Network Addresses in Ethereum

An overview of multiaddrs, ENR & enodes.

After a discussion with Felix Lange, I decided it would make sense to write this blog post about the various types of network addresses you may encounter in the ethereum ecosystem and discuss the differences between them. I myself had some misconceptions about them and therefore thought clarification could be useful.


Let’s get started with the oldest, or at least the oldest documented as per commit timestamps, multiaddr. Multiaddrs are part of Protocol Labs’ multiformats project. Multiformats is essentially various standards for self-describing values. You may have heard about them as they are used in libp2p and IPFS, other Protocol Labs projects.

Multiaddrs can be represented in two ways: one is a binary representation used in storage or when transmitting, and the second is a human-readable format for use when printing to the user.


The above shows a multiaddr in its human-readable representation. The multiaddr is a recursive format which represents addresses in key-value pairs. The binary representation is the same – there is a byte array representing the key and one representing the value. The key can be mapped from human-readable to the code using the protocol table.


Next up is enode which is not really a network address format but a url format instead. We will cover it anyway as it is the predecessor to ENRs. An enode url looks as follows:


The enode scheme is used to denote the URL, it is followed by a hexadecimally encoded node ID. Next the host is represented after an @ symbol. It is important to note that enode does not allow for the host to be a DNS domain name, it must be an IP address. After the host the TCP port is listed, in our case 30303. If the UDP and TCP port differ, the UDP port can be specified by adding the discport parameter at the end.


Finally we have the ENR (Ethereum Node Record). These are interesting because they use features from both of the previous types (multiaddrs and enode URLs) making them really versatile. The main motivation for ENRs was to allow for more information to be relayed, hence the introduction of the node record. The node records are self certified, and nodes prove authorship using signatures. The records are represented as an RLP list – I won’t go into detail here, but RLP is a serialization format used by Ethereum.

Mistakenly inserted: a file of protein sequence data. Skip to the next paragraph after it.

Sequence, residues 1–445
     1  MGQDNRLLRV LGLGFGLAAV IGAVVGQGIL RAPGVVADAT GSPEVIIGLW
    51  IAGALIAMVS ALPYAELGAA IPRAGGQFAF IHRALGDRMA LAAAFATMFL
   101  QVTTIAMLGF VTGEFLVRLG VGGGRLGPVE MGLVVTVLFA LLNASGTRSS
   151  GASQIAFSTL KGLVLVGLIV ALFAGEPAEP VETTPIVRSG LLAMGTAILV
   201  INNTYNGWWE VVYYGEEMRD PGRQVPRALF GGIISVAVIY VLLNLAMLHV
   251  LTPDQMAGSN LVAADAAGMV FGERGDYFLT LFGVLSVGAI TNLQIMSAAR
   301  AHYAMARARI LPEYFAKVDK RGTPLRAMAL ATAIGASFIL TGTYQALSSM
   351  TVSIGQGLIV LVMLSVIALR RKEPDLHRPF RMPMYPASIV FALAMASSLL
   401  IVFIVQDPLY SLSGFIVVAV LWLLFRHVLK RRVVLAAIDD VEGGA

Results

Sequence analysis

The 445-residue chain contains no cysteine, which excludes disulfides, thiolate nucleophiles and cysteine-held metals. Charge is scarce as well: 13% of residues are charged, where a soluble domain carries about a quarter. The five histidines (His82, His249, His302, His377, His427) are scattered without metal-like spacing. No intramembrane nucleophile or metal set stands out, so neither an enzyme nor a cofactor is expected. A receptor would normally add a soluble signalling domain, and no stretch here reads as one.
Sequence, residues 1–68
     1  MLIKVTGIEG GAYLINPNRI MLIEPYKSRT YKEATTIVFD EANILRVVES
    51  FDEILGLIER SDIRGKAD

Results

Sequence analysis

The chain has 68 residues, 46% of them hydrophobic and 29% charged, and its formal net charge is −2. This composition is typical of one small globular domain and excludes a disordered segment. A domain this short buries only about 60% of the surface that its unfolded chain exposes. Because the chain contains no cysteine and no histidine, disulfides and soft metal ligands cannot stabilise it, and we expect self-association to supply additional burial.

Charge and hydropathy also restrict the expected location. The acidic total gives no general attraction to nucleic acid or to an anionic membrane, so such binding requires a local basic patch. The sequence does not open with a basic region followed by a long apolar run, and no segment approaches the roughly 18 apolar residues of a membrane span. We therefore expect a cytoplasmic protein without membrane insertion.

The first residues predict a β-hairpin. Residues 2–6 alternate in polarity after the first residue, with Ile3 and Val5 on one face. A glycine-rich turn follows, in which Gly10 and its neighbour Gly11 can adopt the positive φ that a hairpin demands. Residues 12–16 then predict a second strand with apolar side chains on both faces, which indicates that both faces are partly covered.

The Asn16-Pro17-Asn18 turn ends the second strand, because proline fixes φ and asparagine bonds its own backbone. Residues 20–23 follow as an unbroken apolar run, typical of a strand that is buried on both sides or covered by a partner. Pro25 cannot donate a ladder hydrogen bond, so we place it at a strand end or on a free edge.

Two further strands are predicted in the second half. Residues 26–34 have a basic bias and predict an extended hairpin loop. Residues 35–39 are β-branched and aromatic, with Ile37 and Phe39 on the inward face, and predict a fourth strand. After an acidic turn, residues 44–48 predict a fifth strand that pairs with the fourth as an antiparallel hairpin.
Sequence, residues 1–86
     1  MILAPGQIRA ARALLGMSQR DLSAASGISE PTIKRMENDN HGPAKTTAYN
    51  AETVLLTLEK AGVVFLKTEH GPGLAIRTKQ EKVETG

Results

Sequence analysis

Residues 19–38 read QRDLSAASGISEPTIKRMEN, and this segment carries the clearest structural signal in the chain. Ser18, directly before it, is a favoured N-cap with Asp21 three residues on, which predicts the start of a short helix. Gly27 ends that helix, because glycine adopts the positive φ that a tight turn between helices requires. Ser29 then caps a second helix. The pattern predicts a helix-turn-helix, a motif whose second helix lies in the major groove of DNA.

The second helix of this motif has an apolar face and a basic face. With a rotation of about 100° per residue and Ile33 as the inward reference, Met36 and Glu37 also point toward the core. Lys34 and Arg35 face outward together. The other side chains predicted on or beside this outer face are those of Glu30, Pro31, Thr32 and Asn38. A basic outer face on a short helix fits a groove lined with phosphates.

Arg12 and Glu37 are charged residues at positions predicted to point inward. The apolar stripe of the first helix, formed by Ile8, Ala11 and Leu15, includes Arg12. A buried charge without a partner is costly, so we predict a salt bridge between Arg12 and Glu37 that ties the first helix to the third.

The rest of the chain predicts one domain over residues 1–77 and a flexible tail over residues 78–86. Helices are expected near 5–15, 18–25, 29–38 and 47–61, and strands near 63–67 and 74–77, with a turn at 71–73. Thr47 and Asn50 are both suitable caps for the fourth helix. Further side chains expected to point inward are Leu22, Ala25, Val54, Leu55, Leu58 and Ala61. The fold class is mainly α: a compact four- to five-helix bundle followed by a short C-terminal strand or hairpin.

The elements of this record are a signature, sequence number, and a required field indicating the identity scheme used to create and validate signatures. Finally, the remainder of the record contains arbitrary key / value pairs that can contain things like connection information. The EIP defines keys with predefined meanings such as ip, which is the IPv4 address of a node represented as 4 bytes.

The signature is used to verify the record by ensuring that the passed public key was the one used to create the signature.

The sequence number can be used to resolve conflicts, if there are 2 different records authored by the same identity, the one with larger sequence number must be used.

It is important to note that the RLP encoded version of this node record is not allowed to exceed 300 bytes.

This format is future proof as new keys can be added even when not all clients know how to inteperet these, as well as the fact that new identity schemes can be added to validate signatures.

ETH 2.0

Now, let’s look at ETH 2.0. Up until ETH 2.0 there was never any usage of multiaddrs in Ethereum, but now it becomes very important. Why is that the case you may ask? Well, ETH 2.0 uses libp2p which in turn uses multiaddrs to identify nodes.

So how can we handle this? Well there are 2 ways that were highlighted in the p2p specs of ETH2.0:

  1. The multiaddr can be derived from the ENR.
  2. The multiaddr can be included in the ENR due to the ability to add arbitrary keys.

Hopefully this gives a brief and helpful overview of what these different network addresses are, how they work and what they can be used for.